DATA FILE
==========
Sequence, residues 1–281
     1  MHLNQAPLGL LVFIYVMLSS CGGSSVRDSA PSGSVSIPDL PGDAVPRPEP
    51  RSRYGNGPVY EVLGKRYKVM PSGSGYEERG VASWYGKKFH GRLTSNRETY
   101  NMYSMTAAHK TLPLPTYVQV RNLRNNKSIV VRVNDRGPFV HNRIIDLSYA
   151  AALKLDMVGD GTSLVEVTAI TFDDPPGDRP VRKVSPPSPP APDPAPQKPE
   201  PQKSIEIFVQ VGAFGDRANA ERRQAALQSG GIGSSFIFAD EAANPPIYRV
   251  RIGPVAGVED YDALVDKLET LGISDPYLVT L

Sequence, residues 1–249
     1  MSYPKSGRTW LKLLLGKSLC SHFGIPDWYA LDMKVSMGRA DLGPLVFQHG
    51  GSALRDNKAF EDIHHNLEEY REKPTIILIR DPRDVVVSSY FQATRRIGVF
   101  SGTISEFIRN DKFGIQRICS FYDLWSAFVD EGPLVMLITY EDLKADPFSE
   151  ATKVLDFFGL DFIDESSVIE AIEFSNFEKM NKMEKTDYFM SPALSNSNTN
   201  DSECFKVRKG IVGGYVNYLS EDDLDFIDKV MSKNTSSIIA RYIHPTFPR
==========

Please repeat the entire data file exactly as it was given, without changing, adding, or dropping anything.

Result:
Sequence, residues 1–281
     1  MHLNQAPLGL LVFIYVMLSS CGGSSVRDSA PSGSVSIPDL PGDAVPRPEP
    51  RSRYGNGPVY EVLGKRYKVM PSGSGYEERG VASWYGKKFH GRLTSNRETY
   101  NMYSMTAAHK TLPLPTYVQV RNLRNNKSIV VRVNDRGPFV HNRIIDLSYA
   151  AALKLDMVGD GTSLVEVTAI TFDDPPGDRP VRKVSPPSPP APDPAPQKPE
   201  PQKSIEIFVQ VGAFGDRANA ERRQAALQSG GIGSSFIFAD EAANPPIYRV
   251  RIGPVAGVED YDALVDKLET LGISDPYLVT L

Sequence, residues 1–249
     1  MSYPKSGRTW LKLLLGKSLC SHFGIPDWYA LDMKVSMGRA DLGPLVFQHG
    51  GSALRDNKAF EDIHHNLEEY REKPTIILIR DPRDVVVSSY FQATRRIGVF
   101  SGTISEFIRN DKFGIQRICS FYDLWSAFVD EGPLVMLITY EDLKADPFSE
   151  ATKVLDFFGL DFIDESSVIE AIEFSNFEKM NKMEKTDYFM SPALSNSNTN
   201  DSECFKVRKG IVGGYVNYLS EDDLDFIDKV MSKNTSSIIA RYIHPTFPR